There are no statistics about the situation in China, but analysts believe said shame could hinder elderly from reporting they have been scammed, but the consequences could be dire, or even fatal.
“Financial exploitation is one of the most common and rapidly rising not just in the US, but also globally. Elder abuse in general has devastating consequences including premature death, increased risk for hospitalisation, nursing home placement as well other commodities,” according to Dong Xinqi, a geriatrics doctor and chief executive of the Institute for Population Health Sciences, an NGO based in Chicago.
Both Li and Lai said it was important to find ways to teach older adults how to use social media and protect themselves online.
Duke Han, director of the neuropsychology Division and a gerontologist of the University of Southern California, said technology companies should also play a role.
“Mitigation measures that increase social connections among family and friends could help address this issue. Older adults can benefit from the appropriate use of technology,” he said.
“However, many technology applications and platforms do not have older adults in mind in their design, development, or implementation. Technology companies can play a role in mitigating risk by focusing more on older adults.”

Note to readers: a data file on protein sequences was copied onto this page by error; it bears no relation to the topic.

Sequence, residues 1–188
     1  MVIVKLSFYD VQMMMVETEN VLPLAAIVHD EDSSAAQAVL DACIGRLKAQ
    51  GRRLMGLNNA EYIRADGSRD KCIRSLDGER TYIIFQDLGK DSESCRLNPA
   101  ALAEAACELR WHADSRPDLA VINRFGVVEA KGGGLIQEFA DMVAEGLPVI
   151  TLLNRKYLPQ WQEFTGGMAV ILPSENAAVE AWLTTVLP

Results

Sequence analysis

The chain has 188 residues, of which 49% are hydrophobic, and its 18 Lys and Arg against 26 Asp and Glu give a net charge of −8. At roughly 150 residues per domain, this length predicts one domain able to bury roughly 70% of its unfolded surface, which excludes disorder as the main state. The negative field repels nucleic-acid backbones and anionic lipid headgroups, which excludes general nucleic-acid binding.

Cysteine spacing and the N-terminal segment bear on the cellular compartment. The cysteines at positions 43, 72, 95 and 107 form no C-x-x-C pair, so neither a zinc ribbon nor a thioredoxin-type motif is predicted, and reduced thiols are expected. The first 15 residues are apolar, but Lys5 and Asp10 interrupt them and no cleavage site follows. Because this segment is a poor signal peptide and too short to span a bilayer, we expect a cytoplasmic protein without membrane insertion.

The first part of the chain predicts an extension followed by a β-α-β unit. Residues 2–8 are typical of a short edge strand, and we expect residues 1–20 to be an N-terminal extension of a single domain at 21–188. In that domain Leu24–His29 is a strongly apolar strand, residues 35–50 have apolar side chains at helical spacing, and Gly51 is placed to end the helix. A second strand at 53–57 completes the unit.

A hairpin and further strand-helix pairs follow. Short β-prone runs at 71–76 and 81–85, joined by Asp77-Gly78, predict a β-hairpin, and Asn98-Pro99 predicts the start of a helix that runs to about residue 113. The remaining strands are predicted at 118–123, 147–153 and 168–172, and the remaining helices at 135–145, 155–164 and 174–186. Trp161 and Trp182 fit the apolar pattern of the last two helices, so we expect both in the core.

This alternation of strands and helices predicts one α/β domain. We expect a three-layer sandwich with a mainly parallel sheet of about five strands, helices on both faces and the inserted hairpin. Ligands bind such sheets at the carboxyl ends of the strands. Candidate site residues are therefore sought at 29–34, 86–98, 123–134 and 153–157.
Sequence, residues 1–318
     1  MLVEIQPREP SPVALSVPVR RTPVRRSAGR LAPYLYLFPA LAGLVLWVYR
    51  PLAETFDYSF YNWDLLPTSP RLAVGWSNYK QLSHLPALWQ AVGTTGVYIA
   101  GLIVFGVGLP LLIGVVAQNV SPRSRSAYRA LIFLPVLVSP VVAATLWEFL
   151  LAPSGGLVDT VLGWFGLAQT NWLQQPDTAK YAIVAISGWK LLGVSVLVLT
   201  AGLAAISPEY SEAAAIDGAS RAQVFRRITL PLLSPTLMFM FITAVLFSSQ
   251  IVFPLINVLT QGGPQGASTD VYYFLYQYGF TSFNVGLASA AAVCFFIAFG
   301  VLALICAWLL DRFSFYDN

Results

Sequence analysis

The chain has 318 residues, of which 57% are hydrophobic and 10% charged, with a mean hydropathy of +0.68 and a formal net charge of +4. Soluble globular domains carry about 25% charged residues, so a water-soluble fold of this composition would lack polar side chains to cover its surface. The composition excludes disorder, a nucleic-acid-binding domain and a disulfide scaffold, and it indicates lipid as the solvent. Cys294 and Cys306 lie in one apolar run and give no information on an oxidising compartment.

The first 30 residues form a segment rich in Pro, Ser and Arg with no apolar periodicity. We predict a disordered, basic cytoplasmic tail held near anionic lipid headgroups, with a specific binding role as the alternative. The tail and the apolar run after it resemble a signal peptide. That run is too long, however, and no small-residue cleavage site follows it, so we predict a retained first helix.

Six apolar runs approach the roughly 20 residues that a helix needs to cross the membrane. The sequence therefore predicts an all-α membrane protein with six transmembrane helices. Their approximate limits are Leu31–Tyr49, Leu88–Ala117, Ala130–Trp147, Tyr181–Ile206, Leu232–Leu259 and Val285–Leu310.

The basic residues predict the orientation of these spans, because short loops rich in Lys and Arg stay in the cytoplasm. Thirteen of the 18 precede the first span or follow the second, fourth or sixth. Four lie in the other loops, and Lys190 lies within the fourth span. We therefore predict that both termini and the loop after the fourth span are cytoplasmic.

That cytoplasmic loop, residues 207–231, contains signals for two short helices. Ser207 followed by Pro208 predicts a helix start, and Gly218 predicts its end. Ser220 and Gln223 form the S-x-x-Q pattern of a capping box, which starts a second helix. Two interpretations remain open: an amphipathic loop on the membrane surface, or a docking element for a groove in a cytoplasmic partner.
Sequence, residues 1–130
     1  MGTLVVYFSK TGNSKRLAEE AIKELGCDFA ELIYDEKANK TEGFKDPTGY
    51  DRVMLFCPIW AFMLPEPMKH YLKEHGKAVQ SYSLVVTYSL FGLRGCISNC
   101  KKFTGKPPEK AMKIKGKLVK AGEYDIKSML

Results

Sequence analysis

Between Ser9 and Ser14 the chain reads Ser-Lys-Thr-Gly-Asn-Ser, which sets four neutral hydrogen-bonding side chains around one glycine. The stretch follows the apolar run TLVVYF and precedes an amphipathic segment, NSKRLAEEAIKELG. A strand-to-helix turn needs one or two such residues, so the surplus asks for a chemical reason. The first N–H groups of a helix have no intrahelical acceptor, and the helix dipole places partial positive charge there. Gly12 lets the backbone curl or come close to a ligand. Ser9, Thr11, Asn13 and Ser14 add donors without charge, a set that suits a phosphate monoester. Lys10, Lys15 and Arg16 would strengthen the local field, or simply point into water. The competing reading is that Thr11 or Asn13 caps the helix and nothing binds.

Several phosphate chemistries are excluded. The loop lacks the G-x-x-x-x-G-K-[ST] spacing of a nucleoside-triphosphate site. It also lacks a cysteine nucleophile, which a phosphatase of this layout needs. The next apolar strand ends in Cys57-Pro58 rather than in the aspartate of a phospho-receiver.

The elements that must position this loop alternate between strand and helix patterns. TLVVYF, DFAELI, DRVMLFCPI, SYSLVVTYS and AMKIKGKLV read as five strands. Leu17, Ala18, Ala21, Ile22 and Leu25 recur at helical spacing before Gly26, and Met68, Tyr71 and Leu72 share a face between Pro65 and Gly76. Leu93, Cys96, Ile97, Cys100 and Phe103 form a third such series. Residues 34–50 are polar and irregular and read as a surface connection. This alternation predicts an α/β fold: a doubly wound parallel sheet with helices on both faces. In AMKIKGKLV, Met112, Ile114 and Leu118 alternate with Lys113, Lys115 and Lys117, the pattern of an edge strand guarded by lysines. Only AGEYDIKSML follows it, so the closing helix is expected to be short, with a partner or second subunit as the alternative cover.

However, the crux of the problem remains loneliness and a lack of proper social support for the older population.
“What is most troubling is that sometimes elderly do have the instinct that they may be scammed, or at least dishonesty in the scammer’s approaches. But loneliness and desire to find that connection is such a powerful human instinct, that makes it very easy for vulnerable people to fall into prey,” Dong said.
Li argued China needs to set up more social organisations to provide support to the elderly and help them to better integrate into society, saying: “So far the number of these organisations and the tools are not enough.”
He added people needed to stop thinking of older people as no longer part of mainstream society.
“Most people below the age of 70 can take care of themselves and they should explore things they can do. In the past we put old people aside, but if you have one fifth of the population [above 60 years old] how can you not see them as an integral part of the society?”